- Anheuser-Busch InBev is inviting applications for its pilot 100+ Accelerator, a new initiative focused on solving global sustainability problems. The beer giant said it's looking for 10 partners to advance issues such as water stewardship, farmer productivity, product upcycling, responsible sourcing and green logistics. Companies chosen to participate will receive mentoring, funding and access to new networks, the company said.
- Startups have until Sept. 14 to apply for the annual accelerator project, which begins in New York in October and goes until next March. Participants may then make pitches for additional funding from 100+ Accelerator and outside investors at a Global Demo Day in Belgium.
- "At AB InBev, we have a long-term vision to build a company to last for the next 100+ years, which relies on driving sustainability across our business," Tony Milikin, AB InBev’s chief sustainability and procurement officer, said in a statement. "Our approach is rooted in the communities where we live and work, and we are well positioned to support entrepreneurs who are tackling local challenges. Through the 100+ Accelerator, innovators will benefit from our resources, experience and global reach to speed their progress and scale."
The world's largest beer company said its 100+ Accelerator project builds on AB InBev's 2025 Sustainability Goals and will help achieve them. Among other targets, the company plans to source all of its electricity from renewable sources by 2025 and produce all of its packaging from materials made mostly from recycled content. The Budweiser maker said it has reduced water consumption across all of its U.S. breweries by nearly 50% during the past decade.
The 100+ Accelerator project isn't just focused on improving AB InBev's products or expanding them, although some of the startups it partners with are likely to be adjacent businesses. And while many of the challenges it wants to identify solutions for directly apply to beer brewing — water quality, sustainable hop yields, environmentally responsible production practices, etc. — some, such as limiting waste and enhancing literacy in small businesses, could assist any type of business.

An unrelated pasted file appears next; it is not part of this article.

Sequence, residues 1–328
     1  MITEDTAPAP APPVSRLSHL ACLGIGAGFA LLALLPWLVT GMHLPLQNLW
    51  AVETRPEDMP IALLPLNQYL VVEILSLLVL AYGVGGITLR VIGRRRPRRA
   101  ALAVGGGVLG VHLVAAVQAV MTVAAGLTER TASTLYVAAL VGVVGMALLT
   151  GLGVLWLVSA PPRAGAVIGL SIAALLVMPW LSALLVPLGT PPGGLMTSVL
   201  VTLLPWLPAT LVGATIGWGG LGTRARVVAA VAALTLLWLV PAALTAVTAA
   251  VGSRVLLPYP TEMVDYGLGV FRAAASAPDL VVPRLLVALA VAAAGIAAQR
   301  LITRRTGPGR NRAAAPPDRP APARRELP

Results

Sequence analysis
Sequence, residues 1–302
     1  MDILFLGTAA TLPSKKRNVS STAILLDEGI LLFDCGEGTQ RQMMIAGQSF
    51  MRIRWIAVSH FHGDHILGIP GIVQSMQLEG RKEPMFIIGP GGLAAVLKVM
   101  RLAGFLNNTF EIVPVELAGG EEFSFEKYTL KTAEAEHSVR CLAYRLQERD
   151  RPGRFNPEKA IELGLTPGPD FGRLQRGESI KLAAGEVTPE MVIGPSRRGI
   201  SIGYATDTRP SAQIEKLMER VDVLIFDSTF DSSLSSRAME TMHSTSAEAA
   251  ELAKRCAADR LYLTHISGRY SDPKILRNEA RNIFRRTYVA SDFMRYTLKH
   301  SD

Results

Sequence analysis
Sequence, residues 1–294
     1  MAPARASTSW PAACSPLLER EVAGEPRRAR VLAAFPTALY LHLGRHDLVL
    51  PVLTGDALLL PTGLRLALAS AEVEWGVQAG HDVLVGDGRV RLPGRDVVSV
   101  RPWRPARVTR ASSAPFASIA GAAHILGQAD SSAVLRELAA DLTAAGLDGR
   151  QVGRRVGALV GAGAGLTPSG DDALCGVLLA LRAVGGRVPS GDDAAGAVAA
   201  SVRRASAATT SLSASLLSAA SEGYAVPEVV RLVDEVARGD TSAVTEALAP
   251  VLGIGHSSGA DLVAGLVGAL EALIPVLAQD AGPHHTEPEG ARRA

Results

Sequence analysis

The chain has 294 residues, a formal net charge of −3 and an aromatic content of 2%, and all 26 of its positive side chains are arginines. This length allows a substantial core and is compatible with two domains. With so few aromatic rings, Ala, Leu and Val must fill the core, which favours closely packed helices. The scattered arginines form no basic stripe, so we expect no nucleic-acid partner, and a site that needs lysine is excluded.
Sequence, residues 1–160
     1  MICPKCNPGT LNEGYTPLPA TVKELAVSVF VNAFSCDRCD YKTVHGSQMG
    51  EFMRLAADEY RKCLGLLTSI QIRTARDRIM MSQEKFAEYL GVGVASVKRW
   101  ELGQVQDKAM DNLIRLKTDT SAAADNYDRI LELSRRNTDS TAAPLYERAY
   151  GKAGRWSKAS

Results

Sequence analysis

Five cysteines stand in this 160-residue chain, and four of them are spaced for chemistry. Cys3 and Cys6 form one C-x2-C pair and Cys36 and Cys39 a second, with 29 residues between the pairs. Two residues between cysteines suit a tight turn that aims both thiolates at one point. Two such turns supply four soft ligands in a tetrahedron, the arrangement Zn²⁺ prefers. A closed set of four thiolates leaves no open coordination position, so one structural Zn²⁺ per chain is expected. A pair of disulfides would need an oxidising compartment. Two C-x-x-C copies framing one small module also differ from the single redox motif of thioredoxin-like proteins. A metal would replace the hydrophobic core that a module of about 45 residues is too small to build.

Like many other food and beverage manufacturers, AB InBev knows that today's consumers are looking for more transparency and smaller environmental footprints from the brands they buy. Shoppers want to know the companies they patronize reflect their values by embracing environmental sustainability and ethical treatment of workers and animals. Manufacturers have something tangible to gain in this process. According to Label Insight, companies that adopt "complete transparency" are rewarded with consumer loyalty of about 94%.
Taking a more expansive approach to sustainability and finding practical partnerships to achieve related goals can help the beer maker win more consumers. With its most recent earnings report showing slumping sales and lower volumes, AB InBev needs to do more to attract consumer interest in its products and drive growth.
Any chance the company has to showcase creativity, partnerships and sustainability efforts to consumers will help with this effort. Telling part of the story behind successful accelerator initiatives could draw shoppers to case packaging, six-packs and single-bottle labeling. Shelf labels, standalone store displays and social media marketing are other ways AB InBev can let consumers know how it's tackling sustainability goals and not just talking about it.
Danone North America, Mars, Nestlé USA and Unilever USA recently announced the formation of a Sustainable Food Policy Alliance to work together on sodium reduction, responsible marketing and transparency and reducing their impact on the planet, including cutting greenhouse gas emissions. Those four Big Food firms can collaborate on a number of food system issues, but they may not be as effective as one large company collaborating with 10 startups over a range of sustainability goals.
Any food or beverage manufacturer willing to publicly commit to less waste, lowering power use and adopting a more efficient supply chain is going to stand out from the competition. And if they support innovative startups with funding and solid advice, the end result could help move sustainability goals even closer to reality.